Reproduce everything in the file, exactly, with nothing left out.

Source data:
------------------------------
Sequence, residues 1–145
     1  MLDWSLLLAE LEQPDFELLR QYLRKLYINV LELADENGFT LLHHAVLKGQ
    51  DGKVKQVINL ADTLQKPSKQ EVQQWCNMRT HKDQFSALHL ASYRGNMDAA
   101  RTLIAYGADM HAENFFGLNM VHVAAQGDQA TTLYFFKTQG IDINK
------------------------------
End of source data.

Sequence, residues 1–145
     1  MLDWSLLLAE LEQPDFELLR QYLRKLYINV LELADENGFT LLHHAVLKGQ
    51  DGKVKQVINL ADTLQKPSKQ EVQQWCNMRT HKDQFSALHL ASYRGNMDAA
   101  RTLIAYGADM HAENFFGLNM VHVAAQGDQA TTLYFFKTQG IDINK